John O’Neill is a double-degree student from Reno, Nevada. He’s been at Lawrence for five years and will earn his BM in French Horn Performance and his BA in Russian and Government in a just few short weeks!

John is also a much-beloved library student worker, and has been the night supervisor at the Circulation Desk. He definitely knows his way around the Mudd and offers great insight into using the library to your best advantage.

Upon being asked what he would like his fellow students to know about the Mudd Library, he responded,

“Get to know the staff, don’t be afraid to ask questions, and always go upstairs to find your own books because you will come down with an entire stack of useful materials.”

Read on to learn more about John and the fascinating and important research he’s been pursuing in the Mudd!

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John O’Neill holds a 2002 issue of Appleton’s local newspaper, The Post Crescent, which he used to research Appleton’s sister city, Kurgan, Russia.

John, what are your plans after graduation?

I am planning to travel to Ukraine for the summer to work with an NGO there that works with under-served regions of the country. After that I will be back in Appleton and hopefully onto Chicago in the fall.

What have you been researching in the Mudd Library?

Over the past two terms I have been working on my senior experience in government. For this project I am profiling the Fox Cities-Kurgan Sister City Relationship. The partnership had an astonishing period of peak activity from the 1990s through 2013, but it has since been dormant. Some of the partnership’s major accomplishments included a 2003 security summit hosted in Appleton with keynote from Mikhail Gorbachev, opening of medical facilities and a domestic violence shelter in Kurgan, obtaining funding for a project to decommission a significant stockpile of chemical weapons in the Kurgan region, and over 100 educational exchanges between universities, high schools, and middle schools in both regions.

What library materials and resources have been the most useful to you in pursuing this research?

For this project I ended up using a wide variety of resources that the library offers students. I took advantage of the main collection, ILL, and electronic databases for most of my background research. Later, I relied on our wonderful reference librarians, who pointed me to contacts at the Appleton Public Library and the Appleton Historical Society. Finally, I learned to be grateful for the VCRs and microform readers that the library makes available to students. Most of my resources were on VHS tapes from the 90s, so having those VCRs on hand was absolutely fantastic.

What are you hoping to learn or gain from this research?

One of my main objectives was to learn how sustainable local organizations are built. This involved finding out how Fox Cities-Kurgan got its start, what program leaders hoped to accomplish, and why it eventually entered a decline. As I progressed in my research I found many other sister cities around the country with similar stories of huge growth followed by a swift decline. This led me to ask just how much these relationships are subject to the broader political climate and what their place is in the global geopolitical environment.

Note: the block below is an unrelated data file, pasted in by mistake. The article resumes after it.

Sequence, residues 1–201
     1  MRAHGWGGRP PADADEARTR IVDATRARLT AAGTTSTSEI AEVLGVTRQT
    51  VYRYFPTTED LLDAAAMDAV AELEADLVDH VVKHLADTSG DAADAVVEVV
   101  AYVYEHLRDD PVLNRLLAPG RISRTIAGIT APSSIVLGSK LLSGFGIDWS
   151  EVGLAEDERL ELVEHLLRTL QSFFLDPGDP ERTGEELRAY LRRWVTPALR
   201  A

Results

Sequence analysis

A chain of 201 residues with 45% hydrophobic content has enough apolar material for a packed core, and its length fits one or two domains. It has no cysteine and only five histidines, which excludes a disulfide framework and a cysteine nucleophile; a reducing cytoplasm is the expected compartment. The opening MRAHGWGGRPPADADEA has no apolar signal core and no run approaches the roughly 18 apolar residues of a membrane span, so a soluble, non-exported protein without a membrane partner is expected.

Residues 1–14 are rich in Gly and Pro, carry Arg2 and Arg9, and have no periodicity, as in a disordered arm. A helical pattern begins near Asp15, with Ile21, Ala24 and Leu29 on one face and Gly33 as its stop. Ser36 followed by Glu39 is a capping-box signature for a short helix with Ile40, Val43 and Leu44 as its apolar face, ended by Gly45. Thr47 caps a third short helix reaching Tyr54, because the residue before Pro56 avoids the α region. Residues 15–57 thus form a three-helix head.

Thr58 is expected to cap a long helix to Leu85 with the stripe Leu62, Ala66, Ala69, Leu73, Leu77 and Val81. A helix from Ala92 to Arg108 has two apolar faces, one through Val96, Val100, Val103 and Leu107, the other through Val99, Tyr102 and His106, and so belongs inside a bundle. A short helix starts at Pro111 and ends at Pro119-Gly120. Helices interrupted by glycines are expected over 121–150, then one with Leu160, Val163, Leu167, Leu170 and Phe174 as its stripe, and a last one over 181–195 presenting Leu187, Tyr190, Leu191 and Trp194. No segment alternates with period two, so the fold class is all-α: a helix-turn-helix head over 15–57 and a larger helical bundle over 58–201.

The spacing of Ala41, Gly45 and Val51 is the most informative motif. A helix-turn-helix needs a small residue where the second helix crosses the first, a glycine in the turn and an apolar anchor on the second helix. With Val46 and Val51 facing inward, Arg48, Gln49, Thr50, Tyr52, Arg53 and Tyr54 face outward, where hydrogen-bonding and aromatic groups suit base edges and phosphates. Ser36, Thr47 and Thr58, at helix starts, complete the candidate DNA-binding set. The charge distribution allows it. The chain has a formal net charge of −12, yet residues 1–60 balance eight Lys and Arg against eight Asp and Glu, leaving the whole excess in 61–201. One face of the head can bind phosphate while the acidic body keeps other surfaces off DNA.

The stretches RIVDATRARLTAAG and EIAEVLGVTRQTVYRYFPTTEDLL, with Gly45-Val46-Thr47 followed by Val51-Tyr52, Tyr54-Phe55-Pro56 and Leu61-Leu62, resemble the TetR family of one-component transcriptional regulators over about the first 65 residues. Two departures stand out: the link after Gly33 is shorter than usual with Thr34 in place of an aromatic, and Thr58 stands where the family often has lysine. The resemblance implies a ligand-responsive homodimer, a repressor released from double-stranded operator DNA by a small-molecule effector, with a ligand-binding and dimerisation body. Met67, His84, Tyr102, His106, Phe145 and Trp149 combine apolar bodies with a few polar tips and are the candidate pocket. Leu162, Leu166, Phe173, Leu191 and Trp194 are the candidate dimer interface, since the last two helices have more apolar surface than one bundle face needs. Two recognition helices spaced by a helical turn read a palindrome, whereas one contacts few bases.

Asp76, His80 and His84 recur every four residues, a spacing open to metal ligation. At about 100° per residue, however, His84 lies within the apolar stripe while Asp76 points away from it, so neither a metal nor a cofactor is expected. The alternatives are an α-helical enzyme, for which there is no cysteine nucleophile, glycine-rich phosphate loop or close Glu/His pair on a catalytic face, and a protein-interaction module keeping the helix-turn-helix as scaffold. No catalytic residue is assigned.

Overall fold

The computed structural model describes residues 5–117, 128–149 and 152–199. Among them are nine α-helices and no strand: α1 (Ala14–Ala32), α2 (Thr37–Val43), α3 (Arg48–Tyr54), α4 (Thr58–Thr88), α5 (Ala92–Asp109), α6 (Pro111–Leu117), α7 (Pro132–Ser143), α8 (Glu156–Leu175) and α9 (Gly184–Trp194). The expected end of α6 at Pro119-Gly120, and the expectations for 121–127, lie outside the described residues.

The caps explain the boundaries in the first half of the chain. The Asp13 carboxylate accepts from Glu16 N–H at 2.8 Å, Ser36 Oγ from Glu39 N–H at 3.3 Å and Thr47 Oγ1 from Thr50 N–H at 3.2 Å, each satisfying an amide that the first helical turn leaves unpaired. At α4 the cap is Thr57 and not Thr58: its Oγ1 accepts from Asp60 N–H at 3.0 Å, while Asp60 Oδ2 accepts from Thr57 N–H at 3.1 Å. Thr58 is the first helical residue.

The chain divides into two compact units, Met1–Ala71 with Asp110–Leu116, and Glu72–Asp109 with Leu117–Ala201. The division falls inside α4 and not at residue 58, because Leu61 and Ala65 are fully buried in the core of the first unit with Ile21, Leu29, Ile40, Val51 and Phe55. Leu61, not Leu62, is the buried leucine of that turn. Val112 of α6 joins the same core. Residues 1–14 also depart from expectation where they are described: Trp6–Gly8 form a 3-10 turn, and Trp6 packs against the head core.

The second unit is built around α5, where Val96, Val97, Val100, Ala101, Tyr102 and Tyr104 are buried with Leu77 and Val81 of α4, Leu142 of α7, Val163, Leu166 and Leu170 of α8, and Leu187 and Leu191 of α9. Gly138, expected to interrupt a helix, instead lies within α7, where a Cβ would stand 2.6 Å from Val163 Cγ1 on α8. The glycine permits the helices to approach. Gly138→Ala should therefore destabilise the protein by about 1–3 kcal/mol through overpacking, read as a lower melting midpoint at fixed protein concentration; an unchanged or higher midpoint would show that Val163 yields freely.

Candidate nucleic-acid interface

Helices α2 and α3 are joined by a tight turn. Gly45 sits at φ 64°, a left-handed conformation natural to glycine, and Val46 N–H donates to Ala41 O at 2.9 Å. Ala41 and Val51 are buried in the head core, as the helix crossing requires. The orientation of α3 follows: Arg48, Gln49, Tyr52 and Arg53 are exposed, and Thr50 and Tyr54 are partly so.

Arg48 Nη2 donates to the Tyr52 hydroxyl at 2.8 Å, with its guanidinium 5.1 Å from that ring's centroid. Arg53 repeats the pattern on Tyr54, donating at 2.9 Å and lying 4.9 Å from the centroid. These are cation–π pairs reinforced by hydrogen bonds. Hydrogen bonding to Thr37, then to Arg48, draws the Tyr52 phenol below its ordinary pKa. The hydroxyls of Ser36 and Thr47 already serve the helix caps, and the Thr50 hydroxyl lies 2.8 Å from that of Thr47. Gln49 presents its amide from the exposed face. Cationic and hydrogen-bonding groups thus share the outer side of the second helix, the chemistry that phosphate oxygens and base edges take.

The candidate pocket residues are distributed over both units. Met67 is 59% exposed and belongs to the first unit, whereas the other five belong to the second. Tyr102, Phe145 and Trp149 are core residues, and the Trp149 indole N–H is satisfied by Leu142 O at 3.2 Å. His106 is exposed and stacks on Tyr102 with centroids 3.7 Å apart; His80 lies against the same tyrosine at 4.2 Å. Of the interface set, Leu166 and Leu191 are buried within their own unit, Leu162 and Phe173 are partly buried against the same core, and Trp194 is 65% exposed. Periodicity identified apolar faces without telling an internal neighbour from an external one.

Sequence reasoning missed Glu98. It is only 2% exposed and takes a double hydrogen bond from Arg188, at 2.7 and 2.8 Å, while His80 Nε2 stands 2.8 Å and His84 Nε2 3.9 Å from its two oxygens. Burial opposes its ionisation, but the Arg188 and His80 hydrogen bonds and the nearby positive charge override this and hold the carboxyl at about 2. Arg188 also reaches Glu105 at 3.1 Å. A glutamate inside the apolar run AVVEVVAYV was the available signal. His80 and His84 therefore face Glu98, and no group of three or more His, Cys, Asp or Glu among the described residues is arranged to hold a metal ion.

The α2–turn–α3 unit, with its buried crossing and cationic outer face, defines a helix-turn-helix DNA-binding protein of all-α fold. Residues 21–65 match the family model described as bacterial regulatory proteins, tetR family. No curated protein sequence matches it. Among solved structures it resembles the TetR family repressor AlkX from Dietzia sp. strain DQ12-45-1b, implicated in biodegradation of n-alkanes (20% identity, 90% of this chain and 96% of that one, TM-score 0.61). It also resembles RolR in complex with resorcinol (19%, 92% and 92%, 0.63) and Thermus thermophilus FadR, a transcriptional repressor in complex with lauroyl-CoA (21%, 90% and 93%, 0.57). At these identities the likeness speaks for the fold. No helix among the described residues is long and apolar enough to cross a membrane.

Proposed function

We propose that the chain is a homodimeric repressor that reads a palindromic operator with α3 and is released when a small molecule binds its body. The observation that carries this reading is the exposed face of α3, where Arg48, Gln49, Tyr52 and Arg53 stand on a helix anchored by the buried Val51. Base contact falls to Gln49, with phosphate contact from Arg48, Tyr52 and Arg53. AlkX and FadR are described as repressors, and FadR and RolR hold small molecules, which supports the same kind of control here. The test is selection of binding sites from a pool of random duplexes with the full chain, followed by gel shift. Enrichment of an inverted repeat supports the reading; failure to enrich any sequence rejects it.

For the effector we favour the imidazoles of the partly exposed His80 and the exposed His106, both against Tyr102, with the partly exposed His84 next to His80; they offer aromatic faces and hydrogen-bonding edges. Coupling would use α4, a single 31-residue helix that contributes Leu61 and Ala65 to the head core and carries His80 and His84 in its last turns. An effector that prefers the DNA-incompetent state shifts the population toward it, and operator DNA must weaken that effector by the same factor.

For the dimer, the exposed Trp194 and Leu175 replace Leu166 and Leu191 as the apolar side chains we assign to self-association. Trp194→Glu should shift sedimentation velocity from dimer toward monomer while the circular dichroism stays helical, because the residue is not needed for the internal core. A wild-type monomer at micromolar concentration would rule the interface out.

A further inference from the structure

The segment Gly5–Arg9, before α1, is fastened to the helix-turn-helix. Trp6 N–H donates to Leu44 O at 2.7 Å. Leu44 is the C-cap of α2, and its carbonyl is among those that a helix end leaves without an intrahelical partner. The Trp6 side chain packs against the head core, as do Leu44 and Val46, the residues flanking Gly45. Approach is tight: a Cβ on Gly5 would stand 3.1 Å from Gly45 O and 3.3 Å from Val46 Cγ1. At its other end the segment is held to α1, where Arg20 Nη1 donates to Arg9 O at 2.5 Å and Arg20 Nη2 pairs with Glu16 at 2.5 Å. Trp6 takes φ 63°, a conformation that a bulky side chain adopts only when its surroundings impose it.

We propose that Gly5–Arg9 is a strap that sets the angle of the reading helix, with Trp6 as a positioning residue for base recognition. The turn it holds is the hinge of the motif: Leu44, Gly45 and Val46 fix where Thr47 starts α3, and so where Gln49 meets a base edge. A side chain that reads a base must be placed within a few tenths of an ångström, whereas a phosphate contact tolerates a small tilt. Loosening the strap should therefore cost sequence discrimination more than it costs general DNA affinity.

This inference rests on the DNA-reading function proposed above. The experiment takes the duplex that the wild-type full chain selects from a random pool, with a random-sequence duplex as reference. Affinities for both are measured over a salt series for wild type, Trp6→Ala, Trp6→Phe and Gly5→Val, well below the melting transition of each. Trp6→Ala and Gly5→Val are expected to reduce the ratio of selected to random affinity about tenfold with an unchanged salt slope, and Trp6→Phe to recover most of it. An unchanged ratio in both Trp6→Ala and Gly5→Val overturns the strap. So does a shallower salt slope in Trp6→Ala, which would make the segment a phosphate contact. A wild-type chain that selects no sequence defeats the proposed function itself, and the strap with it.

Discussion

Why do you think this research is important?

For me, The Fox Cities-Kurgan Partnership has been an inspirational example of international partnership that transcends political boundaries. Not only did the program accomplish some enormous objectives that we wouldn’t normally associate with smaller towns like Appleton, but it also forged lasting friendships between the countless exchange participants, volunteers, host families, and students who were involved. By increasing awareness of the program I hope to re-spark the interest in international advocacy that the program was founded around.

How did you become interested in this line of research?

A couple of years ago I found the partnership’s website, which hadn’t been updated since 2013. I later tried to search for Kurgan on the Post Crescent’s website, but due to archiving of the newspaper, my search returned no results. The disappearance of this program from the public eye made me a little sad and I began reaching out to program leaders and participants to find out more.

John, this sounds like really important work. We are so excited to see where you take what you’ve learned and to see the grand adventures that are in store for you! Thank you for sharing.

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In the Mudd Gallery: Wonder and Resonance

Wonder and Resonance is a student-curated exhibit on view in the Mudd Gallery until Monday, March 12th. Using selections from Lawrence’s Anthropology and Archaeology collection, Manuel Ferreira crafted a show which explores the cultural meanings behind various artifacts. Ferreira encourages the viewer to experience the wonder and resonance of these cultural objects writing, “Wonder is the power of an object to grab the attention of a viewer, to convey a sense of enchantment and charisma. Resonance is the power of an object to go beyond itself, to convey the complex and dynamic cultural, historical, and personal forces that created it.”

Mudd Gallery - “The Story Behind the Artifacts” a solo show by Manuel Ferreira

Unlike a traditional museum exhibition, which would likely separate artifacts by time period, culture, and geography, Ferreira includes objects which cross all these boundaries. Walking through you’ll see an Aztec death whistle which dates back to the 12th century a few feet from Chinese ivory. The rich and diverse selection of the exhibit encourages the viewer to consider the consistent power objects have throughout cultures and time.